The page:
Slash once teamed up with the Black Eyed Peas for a Super Bowl halftime show that featured the most divisive Sweet Child O’ Mine performance ever

Fergie and Slash
(Image credit: Al Bello/Getty Images)

Earlier this month, Super Bowl LVII took place, and once again, those who tuned in to the game were also treated to an A-list musical performance at the halfway mark, courtesy of Rihanna and her backing band, which featured her longtime electric guitar player, Nuno Bettencourt.

Even those unfamiliar with the NFL are aware of the prestigious Super Bowl halftime show and its rich music history, with the likes of Prince, The Rolling Stones, U2, The Who and other guitar-heavy acts all gracing the field over the years.

But guitar-driven artists have taken a backseat as headline acts in the 2010s, which has largely been dominated by pop, rap, hip-hop and R&B stars, such as Beyoncé, Katy Perry, The Weeknd and Dr. Dre, who shared the stage with Snoop Dogg, Eminem, Mary J. Blige, Kendrick Lamar and 50 Cent last year.

That’s not to say the guitar hasn’t played a large part in proceedings, though. Bettencourt, for example, cropped up in Rihanna’s set; Shakira wielded a crystal-encrusted Gibson Firebird in 2020 – which will soon be exhibited at the Grammy Museum – and session ace Rob Gueringer was spotted playing a chrome PRS Silver Sky when he took the stage last year.

Another halftime show to feature an especially standout guitar cameo took place in 2011, when Black Eyed Peas – at the time comprising Will.i.am, Taboo, Apl.de.ap and Fergie – called upon the six-string services of Slash.

After singing excerpts of their songs I Gotta Feeling and Boom Boom Pow, Willi.i.am introduced the Guns N’ Roses rocker, who rose to the stage with his Gibson Les Paul for a quick-fire rendition of Sweet Child O’ Mine.

It wasn’t just any performance of the 1987 GNR hit, though. Instead, it turned out to be the most divisive Sweet Child O’ Mine rendition ever.

Slash’s own role in the wider performance was less than two minutes, but it was enough to leave a sour taste in audiences’ mouths. Flanked by Fergie, who assumed Axl Rose’s vocal duties, Slash served up the main riff for a verse, before wrapping up his cameo with a wah-drenched trip round the pentatonic scale.

Unfortunately for the top hat-toting titan, Slash’s Super Bowl debut just so happened to be during a wider show that was unanimously panned by critics, with the 2011 halftime performance earning itself some especially unfavorable accolades and responses.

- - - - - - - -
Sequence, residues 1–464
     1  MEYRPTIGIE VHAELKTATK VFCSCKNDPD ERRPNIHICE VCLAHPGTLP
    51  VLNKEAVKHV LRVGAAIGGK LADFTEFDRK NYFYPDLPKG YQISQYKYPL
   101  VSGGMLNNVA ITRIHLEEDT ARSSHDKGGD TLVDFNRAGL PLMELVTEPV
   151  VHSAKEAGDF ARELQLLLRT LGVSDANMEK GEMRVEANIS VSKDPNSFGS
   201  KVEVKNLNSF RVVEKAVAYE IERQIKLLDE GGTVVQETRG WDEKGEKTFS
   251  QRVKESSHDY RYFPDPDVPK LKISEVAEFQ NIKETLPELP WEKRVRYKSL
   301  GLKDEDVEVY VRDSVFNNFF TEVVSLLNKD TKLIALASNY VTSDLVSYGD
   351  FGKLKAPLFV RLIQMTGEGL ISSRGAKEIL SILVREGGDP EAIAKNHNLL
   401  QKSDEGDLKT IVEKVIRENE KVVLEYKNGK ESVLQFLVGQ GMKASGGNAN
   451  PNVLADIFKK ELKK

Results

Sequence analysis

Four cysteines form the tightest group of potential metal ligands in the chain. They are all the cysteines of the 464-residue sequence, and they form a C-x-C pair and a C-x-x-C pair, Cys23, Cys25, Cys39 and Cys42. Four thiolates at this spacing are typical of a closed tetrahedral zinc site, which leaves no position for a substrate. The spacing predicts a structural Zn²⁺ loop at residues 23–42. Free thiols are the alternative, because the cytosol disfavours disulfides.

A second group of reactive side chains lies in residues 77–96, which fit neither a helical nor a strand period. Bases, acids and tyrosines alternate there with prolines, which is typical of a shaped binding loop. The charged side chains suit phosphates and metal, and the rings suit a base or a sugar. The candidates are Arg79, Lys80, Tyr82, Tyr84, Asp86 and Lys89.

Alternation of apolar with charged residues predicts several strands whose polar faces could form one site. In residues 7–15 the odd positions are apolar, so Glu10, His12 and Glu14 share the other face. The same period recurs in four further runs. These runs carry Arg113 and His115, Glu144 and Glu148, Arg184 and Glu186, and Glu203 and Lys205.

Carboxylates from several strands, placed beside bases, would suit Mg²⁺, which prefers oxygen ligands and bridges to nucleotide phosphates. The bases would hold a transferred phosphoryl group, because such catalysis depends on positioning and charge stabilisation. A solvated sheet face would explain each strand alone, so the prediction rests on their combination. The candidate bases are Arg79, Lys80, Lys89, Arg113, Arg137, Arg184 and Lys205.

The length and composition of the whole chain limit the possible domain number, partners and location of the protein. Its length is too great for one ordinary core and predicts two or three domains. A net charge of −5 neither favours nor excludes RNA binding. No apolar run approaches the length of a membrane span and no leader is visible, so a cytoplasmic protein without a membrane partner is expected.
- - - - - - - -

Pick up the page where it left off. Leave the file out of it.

At the time, Bleacher Reports Vince Cestone noted that “nearly every major publication agreed that the Black Eyed Peas barfed up a subpar performance”, and issued the damning indictment that “The Black Eyed Peas were pathetic – or mediocre at best”. Perhaps even worse, he called it an “embarrassing” day for music.

Slash at the Super Bowl

(Image credit: Christopher Polk/Getty Images)

Similar sentiments could be found elsewhere. SB Nation, for example, commented, “It wasn't entertaining, it wasn't fun, the songs were brutally bad and didn't translate to a live setting whatsoever.”

History hasn’t been kind to the 2011 Super Bowl halftime show, either. The performance has been included in numerous listicles that condemn the Slash-featuring show to some fairly unkind history books, with USA Today ranking it as the fifth “most disastrous” Super Bowl halftime show in 2019, Rolling Stone dubbing it the worst-ever show in 2020, and Deadspin putting it in the top spot of its own “the worst Super Bowl halftime shows” round-up.

And, to really hammer home the point, Kerrang! recently revisited the performance by saying, “The world witnessed the worst performance of Sweet Child O’ Mine”.

Despite the negative reception, Slash’s playing was more or less spared any specific criticism, and even received some sympathy. Instead, commenters took issue at the fact the show itself seemed wholly underwhelming for the Super Bowl stage, and that Sweet Child O’ Mine had been inexplicably shoehorned into a set that comprised mainly R&B rap tracks.

Indeed, the theatrics – no doubt souped-up by Slash heroically emerging from a rising platform from underneath the stage, Les Paul in tow – were praised by some quarters, with Cestone conceding the show’s aesthetics were “impressive”.

After halftime shows from Madonna and Beyoncé in the following years, the guitar would return to the Super Bowl stage in a similarly starring capacity three years later during Bruno Mars’ own show in 2014, with Mars calling upon special guests the Red Hot Chili Peppers – then featuring Josh Klinghoffer – to perform Give It Away.

That wasn’t without its own fair share of controversy, either: Klinghoffer and Flea were spotted donning unplugged guitars, and after some speculation, came out to confirm they were indeed miming their parts.

Despite a rocky few years for the guitar on the Super Bowl stage, it seems as though the show just can't live without the six-string, and 2023's event was a prime example of the fact. Yes, Rihanna was the headliner, but it also featured one of music's standout rock virtuosos as well. Who knows what the 2024 Super Bowl halftime show will hold for guitar fans.

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Matt Owen

Matt is a Staff Writer, writing for Guitar World, Guitarist and Total Guitar. He has a Masters in the guitar, a degree in history, and has spent the last 16 years playing everything from blues and jazz to indie and pop. When he’s not combining his passion for writing and music during his day job, Matt records for a number of UK-based bands and songwriters as a session musician.